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Title: Theoretical and real-world applications of superior face recognition
Author: Bobak, Anna Katarzyna
ISNI:       0000 0004 5994 8912
Awarding Body: Bournemouth University
Current Institution: Bournemouth University
Date of Award: 2016
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While previous work has identified the existence of people with extraordinary face recognition skills (so-called “super-recognisers”; SRs), the cognitive and perceptual underpinnings of the ability are unknown. This thesis addresses this issue, using behavioural and eye-movement measures. It also evaluates the methods used to identify SRs, their role in more applied national security settings, and ways of improving face recognition in typical perceivers. The first set of studies offers an in-depth cognitive and perceptual examination of six SRs using a case-series approach. This investigation revealed that while SRs are a heterogeneous group, they consistently show enhanced holistic processing. A second set of studies examined the eye-movements of SRs in a standard face memory task and a more ecologically valid free-viewing task. In both experiments SRs spent more time looking at the nose (i.e. the centre of faces) than typical perceivers, countering previous work that suggests the eye region is critical in facial identification. A subsequent study was aimed at establishing the UK-specific norms for dominant tests of face recognition and face perception, using a large sample of young British adults. Results suggested that females are better at face recognition than males, and that country-specific control norms are needed for these neuropsychological tests. A fourth set of studies looked at the performance of SRs on more applied face recognition tasks, replicating face matching and recognition scenarios. Results strongly suggested that some SRs are best-suited to particular tasks, and when identified correctly would make extremely valuable employees in national security settings. A final study examined if face matching and face recognition skills can be improved in typical perceivers via intranasal inhalation of the nonapeptide oxytocin, yet neither process was improved following this intervention. The theoretical and practical implications resulting from all these vi investigations are discussed, particularly in relation to our understanding of the typical face-processing system, and in making practical recommendations for the implementation of super recognition in national security settings.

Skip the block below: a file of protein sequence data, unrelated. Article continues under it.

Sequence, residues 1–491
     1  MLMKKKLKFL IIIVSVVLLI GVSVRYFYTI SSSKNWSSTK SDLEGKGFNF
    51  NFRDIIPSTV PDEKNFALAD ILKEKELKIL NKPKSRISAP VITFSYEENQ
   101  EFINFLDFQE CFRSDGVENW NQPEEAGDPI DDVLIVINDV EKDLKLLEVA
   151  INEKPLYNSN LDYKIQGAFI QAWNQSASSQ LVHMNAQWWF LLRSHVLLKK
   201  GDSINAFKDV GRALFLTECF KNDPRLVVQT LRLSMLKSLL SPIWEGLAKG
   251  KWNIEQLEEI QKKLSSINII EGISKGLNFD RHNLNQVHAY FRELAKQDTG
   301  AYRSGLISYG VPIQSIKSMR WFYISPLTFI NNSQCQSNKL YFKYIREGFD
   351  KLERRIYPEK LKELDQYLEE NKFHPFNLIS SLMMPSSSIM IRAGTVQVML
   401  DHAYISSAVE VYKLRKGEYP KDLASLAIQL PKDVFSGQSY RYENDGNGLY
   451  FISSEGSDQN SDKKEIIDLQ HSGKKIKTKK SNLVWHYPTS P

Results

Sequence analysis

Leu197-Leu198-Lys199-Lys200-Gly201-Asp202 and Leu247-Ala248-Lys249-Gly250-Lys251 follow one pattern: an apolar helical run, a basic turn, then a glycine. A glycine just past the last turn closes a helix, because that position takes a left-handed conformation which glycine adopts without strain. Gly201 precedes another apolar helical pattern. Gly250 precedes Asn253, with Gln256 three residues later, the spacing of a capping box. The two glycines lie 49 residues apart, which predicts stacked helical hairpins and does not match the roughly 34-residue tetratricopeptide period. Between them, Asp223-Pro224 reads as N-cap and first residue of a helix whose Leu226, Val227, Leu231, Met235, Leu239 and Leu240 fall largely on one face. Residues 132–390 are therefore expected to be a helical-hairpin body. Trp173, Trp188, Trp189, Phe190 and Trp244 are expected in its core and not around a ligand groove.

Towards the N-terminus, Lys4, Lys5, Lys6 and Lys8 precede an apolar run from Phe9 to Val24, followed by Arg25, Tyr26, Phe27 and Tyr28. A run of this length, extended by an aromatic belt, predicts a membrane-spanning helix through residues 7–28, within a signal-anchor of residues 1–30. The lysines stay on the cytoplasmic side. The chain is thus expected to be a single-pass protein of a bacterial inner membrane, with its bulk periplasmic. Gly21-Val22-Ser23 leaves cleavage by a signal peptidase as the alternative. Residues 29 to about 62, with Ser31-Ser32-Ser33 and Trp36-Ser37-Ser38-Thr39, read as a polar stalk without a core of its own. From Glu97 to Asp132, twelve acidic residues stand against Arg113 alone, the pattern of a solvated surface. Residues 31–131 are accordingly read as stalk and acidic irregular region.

Supervisor: Not available Sponsor: Not available
Qualification Name: Thesis (Ph.D.) Qualification Level: Doctoral
EThOS ID:  DOI: Not available